Hertz Global — Shares of the global car rental company sank 7% after it said it has laid off about 10,000 employees in North America to cut costs and offset the impact Covid-19 is having on its sales. The company said in a government filing that it has "experienced increased rental cancellations and declining forward bookings."
Click here to read more about midday movers. — Fitzgerald
Shares of Salesforce and Oracle fell more than the broader market on Tuesday after tech giant IBM said it saw headwinds in its software segment in the first quarter because of Covid-19. IBM Chief Financial Officer James Kavanaugh said in an earnings call that the company had been on track to meet first-quarter estimates through February but a "pause" in client spending in March pressured performance. That was "most pronounced in our software business," he said, "where the vast majority of transactions typically closed in the last two weeks of the quarter." The so-called sympathy trade at Oracle and Salesforce, which also generate significant revenues via software and tech support, sent the equities down 4.4% and 7.9% respectively. — Franck
Wall Street analysts expect big things from Netflix when the streaming giant reports earnings Tuesday afternoon. "We expect Netﬂix to report 1Q results well above guidance, with over 10mn net subscriber additions, and provide initial guidance for 2Q ahead of FactSet Consensus, even accounting for management conservatism," Goldman Sachs said in a note to clients. Other analysts agreed that Netflix will be well-positioned after Covid-19 as well. "In our view, the current environment may also pull forward adoption curves in markets where Netflix is currently underpenetrated, which would result in a benefit to Netflix with a duration beyond 1H:20, in our view," Stifel said. — Bloom
Investors can count on warmer weather to curb the coronavirus pandemic and the market will reclaim its record highs by early next year, according to Marko Kolanovic, JPMorgan's global head of macro quantitative and derivatives strategy. The strategist said Tuesday that a study published by the Department of Homeland Security Science and Technology links virus stability to sunlight, temperature and humidity. "The most striking finding in the document is that sunlight destroys the virus very quickly, within ~2 minutes," Kolanovic said in a note Tuesday. "This may make sunlight exposure the most important factor to consider for a limited reopening of the economy, i.e., specific businesses and activities." — Li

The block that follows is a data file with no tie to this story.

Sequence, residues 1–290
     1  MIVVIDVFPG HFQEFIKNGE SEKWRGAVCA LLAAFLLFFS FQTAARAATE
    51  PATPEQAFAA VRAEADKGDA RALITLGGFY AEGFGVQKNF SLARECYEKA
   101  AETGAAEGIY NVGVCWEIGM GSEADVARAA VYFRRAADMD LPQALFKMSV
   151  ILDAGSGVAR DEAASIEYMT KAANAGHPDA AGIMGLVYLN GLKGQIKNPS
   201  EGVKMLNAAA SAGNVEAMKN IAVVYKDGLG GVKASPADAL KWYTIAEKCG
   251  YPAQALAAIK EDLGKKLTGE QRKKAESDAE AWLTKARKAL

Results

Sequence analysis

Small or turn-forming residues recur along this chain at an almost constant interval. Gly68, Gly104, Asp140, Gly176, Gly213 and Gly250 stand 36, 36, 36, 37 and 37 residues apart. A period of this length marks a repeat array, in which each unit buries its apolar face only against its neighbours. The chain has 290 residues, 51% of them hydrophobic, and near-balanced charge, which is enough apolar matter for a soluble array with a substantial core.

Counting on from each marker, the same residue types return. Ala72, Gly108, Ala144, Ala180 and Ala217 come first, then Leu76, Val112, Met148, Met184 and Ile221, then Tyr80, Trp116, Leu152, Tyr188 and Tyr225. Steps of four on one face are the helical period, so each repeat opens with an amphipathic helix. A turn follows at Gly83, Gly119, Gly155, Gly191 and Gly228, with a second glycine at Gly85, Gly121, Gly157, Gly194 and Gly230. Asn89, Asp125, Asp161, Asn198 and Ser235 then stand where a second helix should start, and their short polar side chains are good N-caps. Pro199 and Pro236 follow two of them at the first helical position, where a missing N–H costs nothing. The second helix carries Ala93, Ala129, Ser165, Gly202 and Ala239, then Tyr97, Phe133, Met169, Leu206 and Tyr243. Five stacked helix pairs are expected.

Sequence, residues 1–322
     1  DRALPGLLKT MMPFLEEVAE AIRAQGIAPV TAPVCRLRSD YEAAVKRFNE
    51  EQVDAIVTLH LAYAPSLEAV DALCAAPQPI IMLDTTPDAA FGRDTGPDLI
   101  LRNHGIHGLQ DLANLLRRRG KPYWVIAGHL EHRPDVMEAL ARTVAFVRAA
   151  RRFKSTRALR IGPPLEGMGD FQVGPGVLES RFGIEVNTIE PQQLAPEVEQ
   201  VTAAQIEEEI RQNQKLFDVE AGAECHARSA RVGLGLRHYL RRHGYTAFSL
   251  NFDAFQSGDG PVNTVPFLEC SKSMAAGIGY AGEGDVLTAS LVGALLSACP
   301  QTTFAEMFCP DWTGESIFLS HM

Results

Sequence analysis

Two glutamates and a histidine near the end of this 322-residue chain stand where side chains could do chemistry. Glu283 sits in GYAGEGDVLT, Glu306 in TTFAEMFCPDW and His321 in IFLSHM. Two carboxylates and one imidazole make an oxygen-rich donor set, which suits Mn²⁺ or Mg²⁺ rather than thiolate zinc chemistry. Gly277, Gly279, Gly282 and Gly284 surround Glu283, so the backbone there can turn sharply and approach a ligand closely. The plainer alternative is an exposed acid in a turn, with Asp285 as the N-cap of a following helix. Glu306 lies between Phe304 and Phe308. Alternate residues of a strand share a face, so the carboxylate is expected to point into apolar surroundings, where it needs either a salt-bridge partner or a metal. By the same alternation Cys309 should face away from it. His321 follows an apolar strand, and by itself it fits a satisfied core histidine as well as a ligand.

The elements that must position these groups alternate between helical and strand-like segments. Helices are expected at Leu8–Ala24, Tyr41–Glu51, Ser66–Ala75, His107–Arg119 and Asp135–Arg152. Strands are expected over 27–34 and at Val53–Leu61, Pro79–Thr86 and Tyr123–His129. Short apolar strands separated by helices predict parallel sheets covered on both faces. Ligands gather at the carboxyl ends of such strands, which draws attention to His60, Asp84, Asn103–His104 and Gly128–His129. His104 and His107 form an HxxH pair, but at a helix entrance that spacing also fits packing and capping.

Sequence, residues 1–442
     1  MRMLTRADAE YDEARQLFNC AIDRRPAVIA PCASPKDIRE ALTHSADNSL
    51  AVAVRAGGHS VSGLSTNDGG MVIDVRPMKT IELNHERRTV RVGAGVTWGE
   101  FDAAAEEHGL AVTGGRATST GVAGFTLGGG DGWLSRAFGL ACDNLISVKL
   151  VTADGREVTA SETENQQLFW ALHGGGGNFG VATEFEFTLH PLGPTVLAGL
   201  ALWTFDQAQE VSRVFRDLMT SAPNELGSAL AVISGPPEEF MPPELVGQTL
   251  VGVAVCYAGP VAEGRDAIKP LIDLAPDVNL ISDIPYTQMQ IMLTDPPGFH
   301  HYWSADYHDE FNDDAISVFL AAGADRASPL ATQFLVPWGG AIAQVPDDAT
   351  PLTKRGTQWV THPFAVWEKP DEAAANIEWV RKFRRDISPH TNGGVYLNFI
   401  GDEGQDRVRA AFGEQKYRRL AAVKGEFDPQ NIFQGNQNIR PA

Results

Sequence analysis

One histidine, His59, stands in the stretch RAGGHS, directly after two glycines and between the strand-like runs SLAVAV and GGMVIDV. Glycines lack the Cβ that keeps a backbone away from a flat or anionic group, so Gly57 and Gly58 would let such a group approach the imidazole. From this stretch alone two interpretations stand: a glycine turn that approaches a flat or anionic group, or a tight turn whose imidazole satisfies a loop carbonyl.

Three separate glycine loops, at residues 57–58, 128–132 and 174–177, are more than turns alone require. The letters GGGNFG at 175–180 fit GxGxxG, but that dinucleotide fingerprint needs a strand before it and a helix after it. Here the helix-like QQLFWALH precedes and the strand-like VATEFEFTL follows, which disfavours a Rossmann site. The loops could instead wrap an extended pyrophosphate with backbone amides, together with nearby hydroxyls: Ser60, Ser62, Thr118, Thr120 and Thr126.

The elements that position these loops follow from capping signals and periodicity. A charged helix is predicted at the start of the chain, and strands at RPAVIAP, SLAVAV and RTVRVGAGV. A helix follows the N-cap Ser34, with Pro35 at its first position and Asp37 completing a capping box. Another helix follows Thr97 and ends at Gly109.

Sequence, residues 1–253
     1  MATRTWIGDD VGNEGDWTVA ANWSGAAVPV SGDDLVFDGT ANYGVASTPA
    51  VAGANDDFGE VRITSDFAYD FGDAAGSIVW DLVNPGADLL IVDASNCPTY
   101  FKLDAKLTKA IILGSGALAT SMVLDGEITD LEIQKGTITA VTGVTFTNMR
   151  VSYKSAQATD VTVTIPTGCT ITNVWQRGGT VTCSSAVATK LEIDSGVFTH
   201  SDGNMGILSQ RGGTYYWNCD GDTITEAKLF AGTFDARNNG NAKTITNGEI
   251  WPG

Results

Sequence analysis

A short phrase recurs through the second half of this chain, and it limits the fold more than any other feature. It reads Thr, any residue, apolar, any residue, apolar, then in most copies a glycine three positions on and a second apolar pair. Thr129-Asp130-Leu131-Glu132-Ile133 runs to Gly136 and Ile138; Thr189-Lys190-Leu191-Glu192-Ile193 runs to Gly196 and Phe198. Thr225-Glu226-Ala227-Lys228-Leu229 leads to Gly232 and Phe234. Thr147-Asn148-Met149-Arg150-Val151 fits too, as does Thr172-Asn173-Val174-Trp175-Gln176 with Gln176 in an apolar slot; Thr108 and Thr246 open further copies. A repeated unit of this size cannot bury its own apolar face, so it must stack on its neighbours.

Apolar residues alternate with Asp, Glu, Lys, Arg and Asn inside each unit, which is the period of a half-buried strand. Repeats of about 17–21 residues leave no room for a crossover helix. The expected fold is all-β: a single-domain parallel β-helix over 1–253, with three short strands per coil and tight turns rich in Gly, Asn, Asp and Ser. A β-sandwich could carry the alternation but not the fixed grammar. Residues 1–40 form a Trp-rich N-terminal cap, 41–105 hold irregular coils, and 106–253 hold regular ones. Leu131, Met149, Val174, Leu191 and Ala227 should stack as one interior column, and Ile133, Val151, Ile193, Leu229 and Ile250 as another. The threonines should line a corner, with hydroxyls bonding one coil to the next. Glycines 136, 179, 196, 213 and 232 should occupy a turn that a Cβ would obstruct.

The major stock averages were headed for another day of steep losses by midday trading as a historic drop in crude prices continued to hamstring market sentiment. The Dow dropped more than 700 points, about 3%. The S&P 500 fell 3.3% while the Nasdaq traded about 4% lower. A further decline in the price of oil for June delivery in noontime trading weighed on stocks halfway through the session. Oil futures for June delivery sank 37% to $12.80 a barrel. — Imbert, Franck
The tech-software ETF IGV is down more than 4%, on pace for its worst day since April 1 when it lost 4.75%. IGV was led to the downside by Alteryx, Salesforce, Fortinet and Workday, which are all down 7% so far Tuesday. —Francolla
Shares of Amazon and Netflix fell 4% and 1.7%, respectively, as the tech duo's strong comeback took a breather. Tuesday's decline marked the second down day in seven for both companies. Amazon and Netflix rallied 17% and 29%, respectively, in the past month as they benefit from a surge in demand amid nationwide shutdowns during the coronavirus pandemic. — Li
The U.S. government has allocated at least $243.4 million of the Small Business Administration's Paycheck Protection Program $349 billion in funding to large, publicly traded companies, Morgan Stanley research shows. The PPP was designed to help the nation's smallest, mom-and-pop shops keep employees on payroll and prevent mass layoffs across the country amid the coronavirus pandemic. But Morgan Stanley found that several of the companies that have received aid have market values well in excess of $100 million, including DMC Global ($405 million), Wave Life Sciences ($286 million) and Fiesta Restaurant Group ($189 million). — Franck
President Donald Trump ordered Energy Secretary Dan Brouillette and Treasury Secretary Steven Mnuchin on Tuesday to put together a plan to get funding to the struggling U.S. oil and gas industries as a historic sell-off in crude continued. "I have instructed the Secretary of Energy and Secretary of the Treasury to formulate a plan which will make funds available so that these very important companies and jobs will be secured long into the future!" Trump tweeted Tuesday morning.— Li
Trading in the United States Oil Fund, a popular exchange-traded security that tracks the price of oil, was briefly halted Tuesday before the opening bell. When it resumed trading, it plunged 20%. The halt came after USCF, the manager of the USO fund, said it was temporarily suspending the issuance of so-called creation baskets. — Stevens
Shares of IBM dropped more than 5% in morning trading after the company reported a 3.4% decline in revenue in the first quarter from a year earlier. It also withdrew full-year guidance given the uncertainty around the coronavirus pandemic. Three months ago, the company had forecast growth in revenue, earnings on an adjusted basis. — Li